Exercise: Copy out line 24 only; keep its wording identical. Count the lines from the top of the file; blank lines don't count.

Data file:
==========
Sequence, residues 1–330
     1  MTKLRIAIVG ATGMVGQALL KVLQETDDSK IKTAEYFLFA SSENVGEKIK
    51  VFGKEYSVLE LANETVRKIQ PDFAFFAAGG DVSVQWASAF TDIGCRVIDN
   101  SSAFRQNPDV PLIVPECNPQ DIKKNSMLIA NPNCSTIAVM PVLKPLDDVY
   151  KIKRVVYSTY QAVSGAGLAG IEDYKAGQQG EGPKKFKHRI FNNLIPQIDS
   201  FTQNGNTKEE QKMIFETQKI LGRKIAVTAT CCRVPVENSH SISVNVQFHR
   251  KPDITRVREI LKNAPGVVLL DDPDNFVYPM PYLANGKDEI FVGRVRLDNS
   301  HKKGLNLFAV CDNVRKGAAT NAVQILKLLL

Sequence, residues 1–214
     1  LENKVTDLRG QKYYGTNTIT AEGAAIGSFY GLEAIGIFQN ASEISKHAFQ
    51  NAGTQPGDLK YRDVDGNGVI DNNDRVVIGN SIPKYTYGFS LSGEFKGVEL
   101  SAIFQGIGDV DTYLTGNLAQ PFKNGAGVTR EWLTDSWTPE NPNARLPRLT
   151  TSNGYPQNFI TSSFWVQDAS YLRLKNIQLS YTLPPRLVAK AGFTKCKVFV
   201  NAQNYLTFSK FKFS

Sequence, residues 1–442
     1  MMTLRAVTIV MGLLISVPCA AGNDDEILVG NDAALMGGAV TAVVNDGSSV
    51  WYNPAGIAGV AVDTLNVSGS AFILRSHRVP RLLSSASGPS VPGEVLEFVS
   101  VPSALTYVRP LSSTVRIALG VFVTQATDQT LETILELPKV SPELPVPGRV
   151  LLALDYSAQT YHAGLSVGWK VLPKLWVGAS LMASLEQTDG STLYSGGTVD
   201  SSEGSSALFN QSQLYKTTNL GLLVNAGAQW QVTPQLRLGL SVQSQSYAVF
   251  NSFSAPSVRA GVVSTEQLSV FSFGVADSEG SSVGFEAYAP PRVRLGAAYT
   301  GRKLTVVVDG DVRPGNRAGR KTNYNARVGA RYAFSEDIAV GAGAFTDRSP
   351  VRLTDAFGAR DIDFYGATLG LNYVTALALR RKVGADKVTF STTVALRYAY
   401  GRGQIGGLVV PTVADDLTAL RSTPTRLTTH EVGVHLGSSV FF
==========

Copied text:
   401  GRGQIGGLVV PTVADDLTAL RSTPTRLTTH EVGVHLGSSV FF